On 17th March, GMG hosted an event for a number of end clients and production managers from across the industry. The evening included a panel discussion with leading H&S advisors within the industry (Simon Garrett of X-Venture and Lee Holloway of Freeman) – covering how the impending CDM2015 legislation will affect events.
When we first shared our thoughts on CDM in January, we promised to keep you up-to-date so below we have outlined the main points raised during panel session.
It was agreed that this revised part of criminal law will be implemented, whether the industry likes it or not, although the PSA have put up a bold fight for the HSE to present a business case. It doesn't replace existing workplace regulations and purely seeks to deal with structuring the management chain during the planning and construction phases of an event.
It was evident that the phrase "Client is King" will gain new meaning now as they really will be responsible for every H&S aspect at all of their events – this includes all subcontracted work. It will be the responsibility of every client to ensure that every subcontractor working on an event adheres to their own H&S standards, ignorance will be no defence in court should an accident happen.
Venues are potentially approaching a difficult time, as they will be viewed in the same light as any other subcontractor. Whilst they will of course be best placed advise on and implement "house rules" it may well become the case that if their preferred suppliers aren't up to scratch then the client is under no obligation to use them. Conversely, an appointed production firm may be in the position to take on the role of Principal Contractor/Designer and subsequently gain sole control and responsibility of an area. It is unclear how this will be interpreted but certainly for traditional staff in their own place of work (such as a hotel) this could cause tensions to develop – particularly if the Client/Principal Contractor agreement hasn't been made clear throughout the supply chain.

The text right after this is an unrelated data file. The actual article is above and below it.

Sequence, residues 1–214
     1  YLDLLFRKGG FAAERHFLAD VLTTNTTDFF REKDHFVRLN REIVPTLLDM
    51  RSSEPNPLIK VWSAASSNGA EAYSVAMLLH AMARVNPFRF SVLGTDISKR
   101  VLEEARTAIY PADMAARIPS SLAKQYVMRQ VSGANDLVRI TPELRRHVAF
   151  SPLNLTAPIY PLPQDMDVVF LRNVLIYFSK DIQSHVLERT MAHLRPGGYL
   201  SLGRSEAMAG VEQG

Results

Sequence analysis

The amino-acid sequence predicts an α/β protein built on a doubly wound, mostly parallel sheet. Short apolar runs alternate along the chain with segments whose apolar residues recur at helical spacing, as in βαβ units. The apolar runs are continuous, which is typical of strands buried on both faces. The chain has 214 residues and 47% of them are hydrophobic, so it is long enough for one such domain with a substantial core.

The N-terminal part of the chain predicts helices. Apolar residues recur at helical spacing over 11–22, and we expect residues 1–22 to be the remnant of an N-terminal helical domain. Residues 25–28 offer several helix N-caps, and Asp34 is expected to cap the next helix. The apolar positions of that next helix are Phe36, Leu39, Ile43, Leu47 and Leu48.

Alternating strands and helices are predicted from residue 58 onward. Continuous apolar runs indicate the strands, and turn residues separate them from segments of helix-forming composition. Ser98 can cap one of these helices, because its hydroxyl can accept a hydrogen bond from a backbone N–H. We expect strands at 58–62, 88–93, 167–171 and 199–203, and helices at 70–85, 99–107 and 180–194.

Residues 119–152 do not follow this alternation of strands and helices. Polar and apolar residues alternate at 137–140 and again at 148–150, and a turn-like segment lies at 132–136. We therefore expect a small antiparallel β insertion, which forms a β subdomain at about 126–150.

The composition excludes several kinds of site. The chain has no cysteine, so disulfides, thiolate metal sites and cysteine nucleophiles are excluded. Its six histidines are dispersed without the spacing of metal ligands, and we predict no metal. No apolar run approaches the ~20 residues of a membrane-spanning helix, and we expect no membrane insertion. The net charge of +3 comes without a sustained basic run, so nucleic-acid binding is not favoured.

Further to this, site inductions are specifically mentioned within the CDM2015 regulations (as they stem from the construction environment) so expect these to become a requirement in future.
Currently the HSE are only resourced for around 40 site visits per year, so, if anything, lack of enforcement will become the problem as venues, clients and contractors all interpret these regulations and their responsibilities individually.
We hope that the events industry is able to understand how these new requirements should be interpreted to ensure that everyone in the industry is able to work safely and with accountability; but fear it may just be further paperwork and knowledge for event planners to contend with – and with real weight in a criminal case should the worst happen.
Feedback during the networking after the panel session was positive, with many clients commenting on how they would like to see more of this kind of proactive event taking place and we at GMG plan to continue to share information on this subject as legislation moves forward.
One of our panel members, Lee Holloway, has recently posted a blog outlining his top 10 things to think about when it comes to CDM, specifically in the context of exhibitions.
Health & Safety Executive: http://www.hse.gov.uk/pubns/books/l153.htm
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